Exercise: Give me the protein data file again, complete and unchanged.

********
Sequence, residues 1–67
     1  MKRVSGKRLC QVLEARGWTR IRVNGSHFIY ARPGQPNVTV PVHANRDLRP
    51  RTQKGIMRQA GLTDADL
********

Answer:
Sequence, residues 1–67
     1  MKRVSGKRLC QVLEARGWTR IRVNGSHFIY ARPGQPNVTV PVHANRDLRP
    51  RTQKGIMRQA GLTDADL